How I Think

🐭 How Disney Built a Cult (and how you can too)

Published over 1 year ago • 3 min read

Hey friend,

I have a hot take.

The best businesses in the world all resemble one thing...

A cult.

"Woooo Chris are you saying these companies are a group of crazies worshipping the God of Money!?"


I'm talking about that intense loyalty among members. That drive to strive towards a big vision. That religious fervor in promoting their product .

Because in my mind, it's kinda simple.

Without creating a cult, a business is just a group of strangers doing the bare minimum to collect a paycheck.

The bare minimum never creates billions of dollars of value.

So in my mind, every great CEO is a cult builder.

And I believe they all follow a pattern.

Today, we'll dig into my newly invented 3 Pillars of a Building a Business Cult using a $200 billion company that you know quite well:

The Walt Disney Corporation.

The point of this piece is to create a framework to explain how the best businesses are built. And maybe how we can do it too...

1) The Training

“You can dream, create, design, and build the most wonderful place in the world … but it requires people to make the dream a reality.” - Walt Disney

The bigger the business, the harder it is to create a compelling culture.

So how do you get a bunch of random people on the same page?

You develop a training process filled with rituals.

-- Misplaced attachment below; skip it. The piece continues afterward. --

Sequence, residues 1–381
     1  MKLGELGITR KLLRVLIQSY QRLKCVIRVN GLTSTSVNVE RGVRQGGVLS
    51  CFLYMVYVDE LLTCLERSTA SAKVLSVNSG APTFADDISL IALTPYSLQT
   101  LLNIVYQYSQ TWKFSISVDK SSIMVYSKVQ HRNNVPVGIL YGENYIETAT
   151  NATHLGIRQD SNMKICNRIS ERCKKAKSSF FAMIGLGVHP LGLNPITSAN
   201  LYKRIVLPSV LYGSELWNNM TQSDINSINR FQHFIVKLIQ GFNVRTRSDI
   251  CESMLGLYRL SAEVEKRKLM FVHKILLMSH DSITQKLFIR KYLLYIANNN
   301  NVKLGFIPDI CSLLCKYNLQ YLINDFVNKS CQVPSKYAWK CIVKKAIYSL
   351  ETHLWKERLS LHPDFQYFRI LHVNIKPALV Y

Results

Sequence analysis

At Disney, this orientation is called "Traditions".

It doesn't matter if you're the new CEO or the college kid manning the Big Thunder Mountain Railroad.

You start your job at Disney the same way.

During "Traditions", three things are beaten into your brain:

  • Disney History and legacy
  • The Disney Mission
  • Employee Expectations

Disney serenades you with the story of Walt and how he turned a crazy idea into a beloved brand.

They give you the rosy picture of how Disney made it here and why you should care about the legacy.

And of course...

You're hooked.

Next, they feed you the vision.

For Disney, it all boils down to one simple statement:

Create Happiness.

Happiness is the experience and the only product.

And you can't hate happiness can ya?!

Now, how could you, as a new Disney employee, possibly contribute?

Here's where they get into the nitty gritty:

  • Why the max distance between garbage cans is 30 steps
  • How to have "fun with the job no matter how miserable you are"
  • How to become a "walking, talking information booth - with a smile"

(I found this Disney orientation manual from 1967. Mickey Mouse lays down the law for Disney employee behavior... and it's amazing. Check it out here)

Here's an excerpt from 1967 Mickey:

Training complete. Now you're well on your way to creating a cult...

2) The Big Vision

"We create happiness by providing the finest in entertainment for people of all ages, everywhere." - Walt Disney

Every great business needs a big vision.

For Disney, it's "create happiness".

But why is the massive vision the secret sauce to building a big business?

Big visions attract the best employees.

And big visions push them to persevere when it gets tough.